The Portuguese were familiar with the St. Thomas legend long before they arrived in India. They knew Marco Polo’s Il Milione, made popular in Europe in the fourteenth century, and the earlier sixth century Latin romances De Miraculis Thomae and Passio Thomae. The Passio Thomae was a redaction of the Acts of Thomas, but both Latin books contained a major diversion from the original story that would, like the seashore tomb in Il Milione, permanently alter the course of the St. Thomas legend after the Portuguese had established themselves in Mylapore. The Passio Thomae had St. Thomas killed by a Pagan priest with a sword, and De Miraculis Thomae had him killed by a Pagan priest with a lance. These stories were at odds with the one found in the Acts of Thomas, which had the apostle executed on the orders of a Persian king, by four royal soldiers with spears.
The Portuguese preferred the Pagan-priest-with-a-lance story found in De Miraculis Thomae. They added Marco Polo’s seaside tomb to it, and elements from Syrian Christian traditions that they had gathered in Malabar, and concocted a legend, largely European in character, that they identified with various Hindu sites in Malabar and Mylapore.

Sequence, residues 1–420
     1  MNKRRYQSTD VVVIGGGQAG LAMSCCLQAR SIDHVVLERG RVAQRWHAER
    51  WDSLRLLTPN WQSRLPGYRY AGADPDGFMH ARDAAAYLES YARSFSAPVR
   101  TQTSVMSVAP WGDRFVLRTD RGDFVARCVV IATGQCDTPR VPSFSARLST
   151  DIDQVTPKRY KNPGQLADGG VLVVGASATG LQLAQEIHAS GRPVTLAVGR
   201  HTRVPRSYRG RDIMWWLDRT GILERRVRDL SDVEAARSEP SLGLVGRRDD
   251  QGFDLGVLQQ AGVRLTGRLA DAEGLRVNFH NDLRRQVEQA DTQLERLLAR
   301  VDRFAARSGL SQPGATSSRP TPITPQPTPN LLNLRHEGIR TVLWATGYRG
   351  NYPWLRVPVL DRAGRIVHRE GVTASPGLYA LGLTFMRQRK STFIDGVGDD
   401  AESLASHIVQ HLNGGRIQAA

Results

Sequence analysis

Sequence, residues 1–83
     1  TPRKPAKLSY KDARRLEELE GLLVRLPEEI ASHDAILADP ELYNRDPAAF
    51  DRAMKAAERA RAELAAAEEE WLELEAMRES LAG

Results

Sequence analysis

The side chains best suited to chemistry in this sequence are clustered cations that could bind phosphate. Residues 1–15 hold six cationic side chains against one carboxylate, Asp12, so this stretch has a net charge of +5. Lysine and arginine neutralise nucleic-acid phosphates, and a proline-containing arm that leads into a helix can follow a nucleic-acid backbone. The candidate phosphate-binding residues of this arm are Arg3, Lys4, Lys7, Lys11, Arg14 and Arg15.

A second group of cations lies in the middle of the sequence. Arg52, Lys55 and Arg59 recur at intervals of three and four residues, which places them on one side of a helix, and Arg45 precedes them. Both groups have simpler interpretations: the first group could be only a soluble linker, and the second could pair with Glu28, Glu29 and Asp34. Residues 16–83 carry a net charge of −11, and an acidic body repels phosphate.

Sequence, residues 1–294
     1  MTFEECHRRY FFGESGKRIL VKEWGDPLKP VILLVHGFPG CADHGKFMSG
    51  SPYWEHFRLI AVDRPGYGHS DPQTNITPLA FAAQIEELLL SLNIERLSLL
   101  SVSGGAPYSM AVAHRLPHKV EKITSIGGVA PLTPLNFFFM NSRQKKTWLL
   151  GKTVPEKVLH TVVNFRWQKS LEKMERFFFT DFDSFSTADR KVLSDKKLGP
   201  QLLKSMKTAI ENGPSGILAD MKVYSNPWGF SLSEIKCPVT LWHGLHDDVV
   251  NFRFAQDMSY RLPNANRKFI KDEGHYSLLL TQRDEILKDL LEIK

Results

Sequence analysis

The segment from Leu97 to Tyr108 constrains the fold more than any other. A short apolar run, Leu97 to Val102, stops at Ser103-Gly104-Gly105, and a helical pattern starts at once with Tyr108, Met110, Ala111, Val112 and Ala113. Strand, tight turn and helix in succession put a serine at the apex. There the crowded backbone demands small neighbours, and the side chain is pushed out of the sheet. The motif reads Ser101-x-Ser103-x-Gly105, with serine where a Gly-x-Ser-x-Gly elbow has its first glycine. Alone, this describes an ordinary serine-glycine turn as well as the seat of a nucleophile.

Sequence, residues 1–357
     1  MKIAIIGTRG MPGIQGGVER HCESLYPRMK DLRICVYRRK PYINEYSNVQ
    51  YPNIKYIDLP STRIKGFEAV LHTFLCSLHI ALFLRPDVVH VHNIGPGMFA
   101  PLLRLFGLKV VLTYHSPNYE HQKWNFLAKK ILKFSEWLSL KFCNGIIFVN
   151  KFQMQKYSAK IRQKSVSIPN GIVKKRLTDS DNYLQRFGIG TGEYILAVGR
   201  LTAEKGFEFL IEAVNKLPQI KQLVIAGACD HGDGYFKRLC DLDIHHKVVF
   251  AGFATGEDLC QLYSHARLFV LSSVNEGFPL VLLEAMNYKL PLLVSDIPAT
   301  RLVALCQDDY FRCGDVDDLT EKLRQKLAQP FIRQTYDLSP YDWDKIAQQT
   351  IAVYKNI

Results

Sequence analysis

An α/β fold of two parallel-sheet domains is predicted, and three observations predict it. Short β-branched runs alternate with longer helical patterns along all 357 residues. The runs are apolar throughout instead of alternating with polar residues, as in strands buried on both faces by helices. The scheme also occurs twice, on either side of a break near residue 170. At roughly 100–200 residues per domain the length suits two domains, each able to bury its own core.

The Portuguese story has not changed very much till today, though it has many variations. Victor J.F. Kulanday, in The Paganization of the Church in India, writes, “According to tradition, hallowed by time and strongly held by the Christians of Kerala, St. Thomas after visiting Socotra, an island in the Arabian Sea, landed near Cranganore on the Periyar estuary, north of Cochin in 52 AD. He preached the Gospel and converted a number of people to Christianity. Later, he travelled further south and converted many more. Among those who embraced Christianity were several Namboodiri Brahmin families considered among Hindus as the highest class. He ordained priests from four of these families―Pakalomatton, Shankarapuri, Kalli and Kaliankal. He founded churches in seven places―Maliankara, Palayur, Parur, Gokamangalam, Niranam, Chayal and Quilon.
“From the west coast he proceeded to the east and further to Malacca and China. He is believed to have returned after some time to Madras. There his preaching aroused hostility among Brahmins and he was speared to death on July 3, 72 AD. He met his end on a hill now bearing the name St. Thomas Mount. He was buried at a place called Mylapore in Madras. Over his tomb now stands the Cathedral Basilica of San Thome.”
One version of the fable asserts that he converted 6,850 Brahmins, 2,800 Kshatriyas, 3,750 Vaishyas and 4,250 Shrudras. Another version maintains it was 17,490 Brahmins, 350 Vaishyas and 4,280 Shudras―Kshatriyas are not included except for the Raja of Tiruvanchikulam. In a third version 40 Jews are among the converts, and in a fourth the converts are the Raja’s son and son-in-law, some Brahmins, and a lone barber to keep them all shaved (he also would have had to circumcise the male converts, as Judas Thomas was an orthodox Jew and not part of St. Paul’s innovations in favour of foreskinned Gentiles).
There are also the miracles, all carefully catalogued by the Portuguese: 19 raised from the dead, 260 exorcised of their demons, 330 cured of leprosy, 250 of blindness, 120 of paralysis and 20 of dumbness.
And there is the famous curse of Cochin, that its inhabitants might suffer from elephantiasis which is now called St. Thomas Foot in that city.